The use of 3D printing for casting proportional replicas used in the treatment of articulated skeletons

Christine Haynes, Julia Sybalsky, and Fran Ritchie


The anatomical accuracy of natural science specimens is important for their use in education and display. This case study explores the recreation of missing elements of an articulated brant goose skeleton (Branta bernicla) from a study collection in the Ornithology Department at the American Museum of Natural History. The articulated skeleton was treated during a course at the Conservation Center of the Institute of Fine Arts, New York University. In current American Museum of Natural History practice, molds taken from other specimens of the same species are often used to cast replacement elements missing from an articulated skeleton. However, the goose skeleton in this case study is larger than other brant specimens at the American Museum of Natural History, so casts made in the usual way would not have been proportionally correct. To create replicas of the required size, the analogous bones from a smaller specimen were laser scanned at New York University’s LaGuardia Studio, a facility providing advanced digital media services to faculty, students, and visiting artists. The scans were enlarged using modeling software and then used to 3D-print a model of each bone. In order to ensure low cost with long-term stability, the printed models were then used to create silicone molds from which casts were made in a stable epoxy.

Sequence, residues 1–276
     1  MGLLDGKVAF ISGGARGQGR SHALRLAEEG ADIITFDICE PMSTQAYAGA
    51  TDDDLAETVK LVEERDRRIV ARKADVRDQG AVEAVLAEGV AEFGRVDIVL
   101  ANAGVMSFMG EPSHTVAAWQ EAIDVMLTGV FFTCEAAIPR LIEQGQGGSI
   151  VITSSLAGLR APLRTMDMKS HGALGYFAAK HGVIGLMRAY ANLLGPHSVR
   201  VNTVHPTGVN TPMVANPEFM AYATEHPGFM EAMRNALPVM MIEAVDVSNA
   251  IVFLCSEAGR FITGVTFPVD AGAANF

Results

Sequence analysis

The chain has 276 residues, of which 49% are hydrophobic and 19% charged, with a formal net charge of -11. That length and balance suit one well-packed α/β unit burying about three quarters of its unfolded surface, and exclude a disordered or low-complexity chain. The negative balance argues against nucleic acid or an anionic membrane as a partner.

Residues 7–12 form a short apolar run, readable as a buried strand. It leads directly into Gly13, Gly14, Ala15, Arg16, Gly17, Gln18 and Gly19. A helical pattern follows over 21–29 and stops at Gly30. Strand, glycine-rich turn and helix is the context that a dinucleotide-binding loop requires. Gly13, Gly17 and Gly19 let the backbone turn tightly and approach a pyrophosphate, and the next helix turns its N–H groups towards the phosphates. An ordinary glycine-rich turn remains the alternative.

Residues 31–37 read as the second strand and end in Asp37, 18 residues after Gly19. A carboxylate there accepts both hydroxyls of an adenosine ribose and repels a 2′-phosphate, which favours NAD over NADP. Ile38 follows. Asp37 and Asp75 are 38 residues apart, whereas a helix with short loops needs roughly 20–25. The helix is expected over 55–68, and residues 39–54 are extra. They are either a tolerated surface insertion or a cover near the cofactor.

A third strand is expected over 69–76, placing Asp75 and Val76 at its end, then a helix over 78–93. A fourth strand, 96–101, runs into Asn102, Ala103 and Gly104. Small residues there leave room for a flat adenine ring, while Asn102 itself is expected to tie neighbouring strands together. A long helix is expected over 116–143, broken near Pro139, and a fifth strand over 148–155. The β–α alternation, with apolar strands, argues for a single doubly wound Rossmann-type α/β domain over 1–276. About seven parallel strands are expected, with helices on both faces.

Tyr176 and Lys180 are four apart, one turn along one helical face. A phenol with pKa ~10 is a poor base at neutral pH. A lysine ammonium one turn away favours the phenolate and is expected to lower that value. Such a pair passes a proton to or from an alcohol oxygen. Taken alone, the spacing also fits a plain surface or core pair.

This presentation will detail the options available for 3D scanning, file manipulation, and printing, with emphasis on cost, practicability, and long-term stability. Both the printing process and printing materials will be discussed. For this case study, the final cost was under $60 for the scanning and printing of five small bones. Including creating the second molds, the treatment required about 20 hours, spread over a few weeks. The lag time was mostly due to scheduling with the LaGuardia Studio rather than the necessity of the process. Combining digital technology with traditional mold-making techniques allowed for the more accurate calculation of shape and proportion of the bone replicas and the creation of highly detailed molds quickly and economically.

2018 | Houston | Volume 25